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G o o d   M o r n i n g !
via THE WEEKLY DETAIL
 
Monday, April 26, 2004

The purpose of the Detail is to help keep you informed of the current state of affairs in the latent print community, to provide an avenue to circulate original fingerprint-related articles, and to announce important events as they happen in our field.


Breaking NEWz you can UzE...
compiled by Jon Stimac
 

Fingerprints as ID - Good, Bad, Ugly? REGISTER, UK - April 19, 2004 ...the author of "Are Fingerprints Really Infallible" attempts to answer his letters...

Game's Afoot in the Fight Against Crime THE SCOTSMAN, UK  - April 23, 2004 ...a lecturer in podiatry has devised a way of working out a suspect’s weight and height through their footprints...

Expert Leaves Imprint on Crime HAMPTON ROADS DAILY PRESS  - April 23, 2004 ...in 27 years with police, the master of identification has helped solve hundreds of cases...

Old Prints Solve 1999 Case NO. BRUNSWICK SENTINEL, NJ  - April 22, 2004 ...a set of fingerprints of a security guard applicant helped solve a five-year-old case…

 

Last week, there was a glitch in the Topica sending process, and I'm not sure the Detail was even published to the entire list.  I also realized later in the week that I forgot to publish the updates to the site.  It's all OK... it was the first glitch in quite a while.

Last week, I attempted to publish the results of the T-shirt slogan contest!  The top three slogans were:

40%
(Fingerprint)
"I was CSI before CSI was cool"

26%
(Fingerprint)
"I didn't see what you did, but I know who you are"

22%
(Fingerprint with vodka bottle in the core)
"Absolute Certainty"

I'll have "I was CIS before CSI was cool" printed up on t-shirts within the next couple of months.  GREAT JOB Tracy Saur for contributing the winning slogan!!  Tracy will be getting two free t-shirts this year.  She can either give one to her trusty office companion (and Smiley Czar) or she can auction it off on Ebay.  I think I'll send hers a week early so she has a jump on the action.  :)


Last week, Craig Coppock brought us a great paper on what a fingerprint identification means.  If you didn't get to read it, make sure you check out the Detail Archives to read his article.  This week we look at an excellent ruling out of the Ninth Circuit Appellate Court on Daubert issues.  Although the case revolved around questioned documents, the well-structured ruling could have related directly to fingerprints.

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UNITED STATES COURT OF APPEALS FOR THE NINTH CIRCUIT
UNITED STATES OF AMERICA, No. 02-30375 Plaintiff-Appellee,

D.C. No. v. CR-01-00310-RSL

MICHAEL STEFAN PRIME, OPINION Defendant-Appellant.

Appeal from the United States District Court for the Western District of Washington
Robert S. Lasnik, District Judge, Presiding
Argued and Submitted February 4, 2004—Seattle, Washington
Filed April 16, 2004 Before: Stephen S. Trott, Richard A. Paez, and Marsha S. Berzon, Circuit Judges. Opinion by Judge Trott

COUNSEL
Anna M. Tolin, Siderius Lonergan & Martin, Seattle, Washington, for the defendant-appellant.
Michael T. Sennott, Siderius Lonergan & Martin, Seattle, Washington, for the defendant-appellant.
Bruce F. Miyake, Assistant United States Attorney, Seattle,
Washington, for the plaintiff-appellee.

OPINION
TROTT, Circuit Judge:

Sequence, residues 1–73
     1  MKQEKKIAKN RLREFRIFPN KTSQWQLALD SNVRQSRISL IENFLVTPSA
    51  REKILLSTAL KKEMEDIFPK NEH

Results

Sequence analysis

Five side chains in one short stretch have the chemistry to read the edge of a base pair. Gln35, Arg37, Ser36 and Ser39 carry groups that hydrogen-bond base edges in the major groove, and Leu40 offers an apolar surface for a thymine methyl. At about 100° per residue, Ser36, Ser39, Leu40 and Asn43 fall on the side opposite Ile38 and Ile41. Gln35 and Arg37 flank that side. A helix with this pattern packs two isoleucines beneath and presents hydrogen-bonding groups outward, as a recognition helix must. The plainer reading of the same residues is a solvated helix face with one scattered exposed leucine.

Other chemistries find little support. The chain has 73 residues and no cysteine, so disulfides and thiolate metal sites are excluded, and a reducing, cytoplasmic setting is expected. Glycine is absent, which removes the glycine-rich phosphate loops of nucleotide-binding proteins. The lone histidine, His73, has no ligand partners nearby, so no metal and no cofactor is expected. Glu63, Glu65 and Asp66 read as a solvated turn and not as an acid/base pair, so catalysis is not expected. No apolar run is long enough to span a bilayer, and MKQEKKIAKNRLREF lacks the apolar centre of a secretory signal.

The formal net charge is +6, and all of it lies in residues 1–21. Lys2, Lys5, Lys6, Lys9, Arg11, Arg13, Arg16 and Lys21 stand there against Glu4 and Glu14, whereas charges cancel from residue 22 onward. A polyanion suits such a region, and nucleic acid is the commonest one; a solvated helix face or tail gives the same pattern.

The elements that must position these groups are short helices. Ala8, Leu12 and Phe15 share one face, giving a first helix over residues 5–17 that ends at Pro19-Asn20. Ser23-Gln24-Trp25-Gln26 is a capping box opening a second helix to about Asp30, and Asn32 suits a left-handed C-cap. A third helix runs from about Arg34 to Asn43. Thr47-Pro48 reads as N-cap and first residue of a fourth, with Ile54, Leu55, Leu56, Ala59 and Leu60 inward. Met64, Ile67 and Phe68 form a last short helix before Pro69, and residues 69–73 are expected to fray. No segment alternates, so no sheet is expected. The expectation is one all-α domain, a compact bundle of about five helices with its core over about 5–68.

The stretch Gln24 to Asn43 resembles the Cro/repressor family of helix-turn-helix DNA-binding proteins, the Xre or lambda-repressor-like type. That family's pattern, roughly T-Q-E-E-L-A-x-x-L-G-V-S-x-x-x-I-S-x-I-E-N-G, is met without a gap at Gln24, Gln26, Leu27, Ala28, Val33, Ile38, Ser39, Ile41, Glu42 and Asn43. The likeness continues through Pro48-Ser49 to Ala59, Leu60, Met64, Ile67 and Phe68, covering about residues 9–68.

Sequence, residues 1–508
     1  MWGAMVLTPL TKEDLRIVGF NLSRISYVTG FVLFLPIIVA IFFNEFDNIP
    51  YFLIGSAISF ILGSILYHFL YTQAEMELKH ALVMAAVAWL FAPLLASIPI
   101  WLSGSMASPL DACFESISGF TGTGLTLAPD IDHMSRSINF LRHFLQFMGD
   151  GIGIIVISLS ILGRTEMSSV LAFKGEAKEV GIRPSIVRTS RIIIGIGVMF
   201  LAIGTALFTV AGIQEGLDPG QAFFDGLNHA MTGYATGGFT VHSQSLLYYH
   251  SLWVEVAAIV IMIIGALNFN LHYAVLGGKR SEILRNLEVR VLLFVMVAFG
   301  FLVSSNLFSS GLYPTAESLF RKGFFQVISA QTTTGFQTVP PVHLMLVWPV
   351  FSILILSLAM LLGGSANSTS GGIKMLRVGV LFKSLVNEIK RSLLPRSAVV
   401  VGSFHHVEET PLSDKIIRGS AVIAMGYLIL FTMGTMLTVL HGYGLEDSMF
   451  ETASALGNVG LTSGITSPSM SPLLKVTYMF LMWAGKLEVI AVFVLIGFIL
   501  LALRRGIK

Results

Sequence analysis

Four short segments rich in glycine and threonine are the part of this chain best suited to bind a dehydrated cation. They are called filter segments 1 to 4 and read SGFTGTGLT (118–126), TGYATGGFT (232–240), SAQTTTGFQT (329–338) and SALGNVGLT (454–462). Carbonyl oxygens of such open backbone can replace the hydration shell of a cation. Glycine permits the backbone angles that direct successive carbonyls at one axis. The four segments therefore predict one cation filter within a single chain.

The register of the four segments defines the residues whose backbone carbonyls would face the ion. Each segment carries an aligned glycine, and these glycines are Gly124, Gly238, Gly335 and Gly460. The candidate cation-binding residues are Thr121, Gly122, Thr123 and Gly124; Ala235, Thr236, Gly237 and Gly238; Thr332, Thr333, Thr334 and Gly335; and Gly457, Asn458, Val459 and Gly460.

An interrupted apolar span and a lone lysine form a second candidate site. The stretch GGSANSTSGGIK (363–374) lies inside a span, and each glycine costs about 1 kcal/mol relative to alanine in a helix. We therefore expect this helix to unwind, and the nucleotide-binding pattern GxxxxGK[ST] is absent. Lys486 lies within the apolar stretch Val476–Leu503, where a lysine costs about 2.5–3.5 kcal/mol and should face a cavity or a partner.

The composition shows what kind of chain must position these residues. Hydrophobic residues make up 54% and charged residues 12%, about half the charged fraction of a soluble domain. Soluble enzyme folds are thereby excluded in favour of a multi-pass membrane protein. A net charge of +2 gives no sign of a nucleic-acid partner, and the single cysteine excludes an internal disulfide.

OVERVIEW

Michael Prime (“Prime”) was charged with, and convicted of, one count of conspiracy to commit wire fraud, in violation of 18 U.S.C. § 371; one count of conspiracy to manufacture counterfeit securities, in violation of 18 U.S.C. § 371; and three counts of possessing, manufacturing, and uttering counterfeit securities, in violation of 18 U.S.C. § 513(a). Prime raises four issues on appeal: 1) whether the district court properly denied his motion for a Franks hearing;1 2) whether the court abused its discretion in allowing the testimony of an expert handwriting analyst; 3) whether the court abused its discretion in not allowing Prime to substitute counsel; and 4) whether the jury’s potential exposure to extrinsic evidence was grounds for a new trial. We have jurisdiction under 28 U.S.C. § 1291, and we affirm all of the district court’s orders and decisions.

BACKGROUND

Between April and June 2001, Prime, along with three coconspirators, David Hiestand (“Hiestand”), Juan Ore-Lovera, and Jeffrey Hardy, sold non-existent items on eBay, purchased items using counterfeit money orders created by the group, sold pirated computer software, and stole credit card numbers from software purchasers. To facilitate this operation, Prime and his cohorts used a credit card encoder to input the stolen data on their own credit cards, set up post office boxes under false names, manufactured false identifications, and used a filter bank account to hide proceeds of the crimes. At trial, numerous victims testified as to the details surrounding how they had been defrauded by Prime’s various scams. In addition, co-conspirators Hiestand and Hardy both extensively testified as to the details of the conspiracy, implicating Prime in all of the crimes charged. The prosecution also elicited the expert opinion of Kathleen Storer (“Storer”), a forensic document examiner with the Secret Service. She testified that Prime was the author of as many as thirty-eight incriminating exhibits, including envelopes, postal forms, money orders, Post-it notes, express mail labels and postal box applications. Prime took the stand in his own defense and claimed that despite all of the evidence linking him to the various scams, including admissions that his fingerprints were on several items linked to the crimes, he was simply attempting to engage in legal entrepreneurial ventures. Prime also confirmed that he had previously been convicted of first and second degree theft, two counts of possession of stolen property in the second degree, and forgery. The jury found Prime guilty on all counts.

Prime moved for a new trial based on the improper submission of extrinsic evidence to the jury. The district court denied the motion, and this appeal follows.

ADMISSIBILITY OF EXPERT TESTIMONY